The problem is that Linus is discussing two different things at once and so it sounds like he's making a more inflammatory point than he is.
The issue is not whether parallelism is uniformly better for all tasks. The question is, is parallelism better for some tasks. And as Torvalds points out, those tasks do exist (Graphics being an obvious one).
The nature of the workload required for most workstations is non-uniform processing of large quantities of discreet, irregular tasks. For this, parallelism (as Torvald's correctly notes) is likely not the most efficient approach. To pretend that in some magical future, our processing needs can be homogenized into tasks for which parallel computing is superior is to make a faith-based prediction on how our use of computers will evolve. I would say that the evidence is quite the opposite: That tasks will become more discrete and unique.
Some fields though: finance, science, statistics, weather, medicine, etc. are rife with computing tasks which ARE well suited to parallel computing. But how much of those tasks happens on workstations. Not much, most likely. So Linus' point is valid.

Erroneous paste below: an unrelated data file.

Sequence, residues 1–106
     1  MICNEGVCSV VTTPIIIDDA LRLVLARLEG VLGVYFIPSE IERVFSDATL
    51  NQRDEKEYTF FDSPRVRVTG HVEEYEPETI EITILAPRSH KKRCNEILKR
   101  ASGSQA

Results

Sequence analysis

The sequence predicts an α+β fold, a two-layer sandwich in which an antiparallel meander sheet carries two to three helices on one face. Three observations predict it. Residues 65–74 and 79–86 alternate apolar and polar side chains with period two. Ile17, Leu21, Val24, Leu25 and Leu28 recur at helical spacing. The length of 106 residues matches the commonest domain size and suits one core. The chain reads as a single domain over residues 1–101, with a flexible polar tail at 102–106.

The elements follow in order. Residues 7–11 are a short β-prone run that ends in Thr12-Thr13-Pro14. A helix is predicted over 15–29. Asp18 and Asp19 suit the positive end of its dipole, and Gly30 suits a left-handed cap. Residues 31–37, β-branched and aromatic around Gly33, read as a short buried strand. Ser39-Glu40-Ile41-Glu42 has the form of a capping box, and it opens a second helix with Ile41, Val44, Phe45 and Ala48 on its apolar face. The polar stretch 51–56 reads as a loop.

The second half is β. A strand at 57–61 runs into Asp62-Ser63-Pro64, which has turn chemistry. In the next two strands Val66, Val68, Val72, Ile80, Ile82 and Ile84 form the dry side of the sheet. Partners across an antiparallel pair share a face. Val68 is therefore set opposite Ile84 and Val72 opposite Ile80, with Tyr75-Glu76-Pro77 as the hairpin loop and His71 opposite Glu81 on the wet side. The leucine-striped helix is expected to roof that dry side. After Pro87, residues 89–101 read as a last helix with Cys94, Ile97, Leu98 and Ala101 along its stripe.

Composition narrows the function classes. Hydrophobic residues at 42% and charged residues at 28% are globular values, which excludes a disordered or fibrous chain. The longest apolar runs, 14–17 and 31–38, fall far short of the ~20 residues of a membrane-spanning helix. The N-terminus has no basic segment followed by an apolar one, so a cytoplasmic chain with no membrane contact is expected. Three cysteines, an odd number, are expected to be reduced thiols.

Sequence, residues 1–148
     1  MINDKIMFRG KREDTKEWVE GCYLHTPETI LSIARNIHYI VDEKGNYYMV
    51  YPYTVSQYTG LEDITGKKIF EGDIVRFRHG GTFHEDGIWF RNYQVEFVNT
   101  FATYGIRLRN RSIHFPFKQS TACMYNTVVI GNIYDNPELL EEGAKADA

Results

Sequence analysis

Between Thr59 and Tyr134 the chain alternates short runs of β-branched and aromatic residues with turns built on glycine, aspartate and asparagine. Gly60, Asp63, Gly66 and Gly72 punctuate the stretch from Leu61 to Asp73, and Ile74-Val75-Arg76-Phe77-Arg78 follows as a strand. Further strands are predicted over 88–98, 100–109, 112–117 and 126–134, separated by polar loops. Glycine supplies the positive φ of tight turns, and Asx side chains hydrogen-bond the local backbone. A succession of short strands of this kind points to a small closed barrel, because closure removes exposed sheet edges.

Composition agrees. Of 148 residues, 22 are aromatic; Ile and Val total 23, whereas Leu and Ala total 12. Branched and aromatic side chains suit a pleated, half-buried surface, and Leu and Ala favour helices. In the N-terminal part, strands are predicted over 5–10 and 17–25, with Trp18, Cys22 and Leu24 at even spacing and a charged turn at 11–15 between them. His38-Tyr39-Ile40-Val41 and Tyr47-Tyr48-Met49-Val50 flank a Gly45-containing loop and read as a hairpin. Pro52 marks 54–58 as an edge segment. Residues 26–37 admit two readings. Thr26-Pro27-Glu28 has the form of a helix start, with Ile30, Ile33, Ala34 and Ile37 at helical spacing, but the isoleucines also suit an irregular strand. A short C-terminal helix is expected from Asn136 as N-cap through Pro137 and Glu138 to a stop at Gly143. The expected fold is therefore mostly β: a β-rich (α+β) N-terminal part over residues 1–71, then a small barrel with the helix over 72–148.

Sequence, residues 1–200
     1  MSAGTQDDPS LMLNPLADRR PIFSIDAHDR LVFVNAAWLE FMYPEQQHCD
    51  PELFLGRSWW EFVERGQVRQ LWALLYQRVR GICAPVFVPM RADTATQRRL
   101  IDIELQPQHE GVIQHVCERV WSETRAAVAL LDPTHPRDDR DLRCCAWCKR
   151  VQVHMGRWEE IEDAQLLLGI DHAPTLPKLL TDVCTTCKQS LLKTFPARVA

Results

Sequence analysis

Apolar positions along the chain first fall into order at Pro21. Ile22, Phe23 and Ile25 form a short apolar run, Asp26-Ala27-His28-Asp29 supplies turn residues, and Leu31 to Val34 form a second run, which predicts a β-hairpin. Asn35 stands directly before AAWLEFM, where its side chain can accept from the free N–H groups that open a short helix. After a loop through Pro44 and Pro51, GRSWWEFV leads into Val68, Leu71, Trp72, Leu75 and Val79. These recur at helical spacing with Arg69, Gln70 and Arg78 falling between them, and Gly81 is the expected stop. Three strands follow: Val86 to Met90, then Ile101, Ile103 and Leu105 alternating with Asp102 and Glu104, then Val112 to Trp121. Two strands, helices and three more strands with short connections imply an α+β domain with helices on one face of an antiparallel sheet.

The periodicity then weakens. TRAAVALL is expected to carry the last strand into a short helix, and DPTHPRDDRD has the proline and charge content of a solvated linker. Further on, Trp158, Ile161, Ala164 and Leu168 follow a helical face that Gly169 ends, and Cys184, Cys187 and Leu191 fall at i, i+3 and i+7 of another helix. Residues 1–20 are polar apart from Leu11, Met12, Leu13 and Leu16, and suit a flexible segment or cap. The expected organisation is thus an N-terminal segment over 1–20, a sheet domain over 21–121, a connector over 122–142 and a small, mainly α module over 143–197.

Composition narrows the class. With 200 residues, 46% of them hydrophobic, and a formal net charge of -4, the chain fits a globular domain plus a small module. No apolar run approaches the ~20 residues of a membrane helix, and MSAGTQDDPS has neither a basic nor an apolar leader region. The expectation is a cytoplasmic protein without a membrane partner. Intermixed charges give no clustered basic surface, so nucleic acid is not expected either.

But I have to take issue of Linus tone in which he downplays "graphics" as being a rather unimportant subset of computing tasks. It's not "graphics". It's "GRAPHICS". That's not a small outlier of a task. Wait until we're all wearing ninth generation Oculus headsets... the trajectory of parallel processing requirements for graphics is already becoming clear -- and it's stratospheric. The issue is this: Our desktop processing requirements are actually slowing and as Linus points out, are probably ill-suited for increased parallelism. But our graphics requirements may be nearly infinite.
Unlike other fields of computing, we know where graphics is going 20 years from now: It's going to the "holodeck".
Keep working on parallel computing guys. Yes, we need it.